When sampling from extant groupings, the issue is a bit more complex. First, there are the qualifications for participation in the group itself. As noted, most of the panels were briefly described but only one paper made any serious attempt to describe the means by which the panel had been formed or maintained. It is apparent that those who have access to commercial panels believe that mentioning such a panel by name is sufficient to describe its "representativeness." In a similar fashion, those who use classroom or volunteer organizations as samples seldom feel constrained to describe the "profile" of such groupings; only one paper described the general nature of the volunteer groups from which its respondents were drawn. Second, some further qualifications may or may not be imposed within an extant grouping. Two of the classroom experiments and one survey which drew its sample from a panel described the screening devices employed and the respondent losses associated with each.

At the second stage, it is necessary to divide the studies according to the method of data collection employed and the degree of researcher control over data collection. When a study is conducted by mail, for example, there is a considerable loss of respondents between the presentation of the instrument and the recovery of useable returns while, in the case of an interviewer-conducted survey, the major potential for non-response occurs before the instrument can be presented to the respondent. Even in experiments with extant groups, or in surveys that are administered in a "group" setting, a certain amount of subject loss can be expected, although it was mentioned in only 2 of the 6 such studies examined. In all 7 mail surveys, 2 "drop-off questionnaire" surveys and 2 of the field experiments, respondents completed instruments while out of the presence of the researcher. In these instances it is difficult to sort out the various forms of non-response. However, all but one of the field experiments reported some sort of "response rate" which, in effect, aggregated all losses between the distribution of the instrument and the counting of useable responses and expressed it as a percent of the number of instruments distributed. For example, each of the 7 mail surveys reported the number of questionnaires sent out and the number of useable returns, although none gave any indication of any follow-up procedures not did any attempt any analysis based on quickness of return.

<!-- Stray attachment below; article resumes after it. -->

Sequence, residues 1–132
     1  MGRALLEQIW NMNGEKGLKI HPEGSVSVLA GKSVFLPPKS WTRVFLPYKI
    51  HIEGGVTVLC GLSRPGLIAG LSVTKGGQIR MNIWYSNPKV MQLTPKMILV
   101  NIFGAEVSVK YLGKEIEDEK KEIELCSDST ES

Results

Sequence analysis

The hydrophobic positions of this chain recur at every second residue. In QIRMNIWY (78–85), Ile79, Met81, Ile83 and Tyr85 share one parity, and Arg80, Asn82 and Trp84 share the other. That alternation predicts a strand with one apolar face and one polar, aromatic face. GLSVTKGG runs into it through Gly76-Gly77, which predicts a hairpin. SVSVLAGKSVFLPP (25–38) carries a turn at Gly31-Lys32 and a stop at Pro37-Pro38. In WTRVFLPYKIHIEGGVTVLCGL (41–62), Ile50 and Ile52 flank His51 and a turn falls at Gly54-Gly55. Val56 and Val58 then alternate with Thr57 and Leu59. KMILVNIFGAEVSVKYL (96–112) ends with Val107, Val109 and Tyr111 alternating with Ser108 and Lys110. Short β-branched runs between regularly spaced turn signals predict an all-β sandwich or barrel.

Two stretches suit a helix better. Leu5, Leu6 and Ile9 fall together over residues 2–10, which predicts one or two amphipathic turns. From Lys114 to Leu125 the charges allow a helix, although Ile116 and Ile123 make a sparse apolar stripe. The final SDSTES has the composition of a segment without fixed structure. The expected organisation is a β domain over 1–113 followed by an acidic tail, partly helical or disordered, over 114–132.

The surveys conducted by personal or telephone interview and the two field experiments which involved the recruitment of volunteers share a somewhat different set of problems. None of these 9 studies gave any indication of the number of potential respondents contacted, none mentioned refusals, nor did any suggest that there were any less-than-complete responses to presented instruments.